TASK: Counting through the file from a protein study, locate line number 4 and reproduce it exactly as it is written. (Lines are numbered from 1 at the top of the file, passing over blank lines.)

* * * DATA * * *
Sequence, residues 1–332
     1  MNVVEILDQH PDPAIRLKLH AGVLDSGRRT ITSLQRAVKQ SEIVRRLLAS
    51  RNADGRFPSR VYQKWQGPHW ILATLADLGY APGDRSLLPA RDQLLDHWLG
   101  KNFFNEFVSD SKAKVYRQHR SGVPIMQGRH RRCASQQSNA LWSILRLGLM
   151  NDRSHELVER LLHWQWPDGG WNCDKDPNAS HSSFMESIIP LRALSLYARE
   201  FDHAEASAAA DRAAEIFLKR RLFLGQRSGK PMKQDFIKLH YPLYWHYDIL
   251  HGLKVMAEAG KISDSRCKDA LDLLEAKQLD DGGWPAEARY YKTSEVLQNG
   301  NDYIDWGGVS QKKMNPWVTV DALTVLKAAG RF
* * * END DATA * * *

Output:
   101  KNFFNEFVSD SKAKVYRQHR SGVPIMQGRH RRCASQQSNA LWSILRLGLM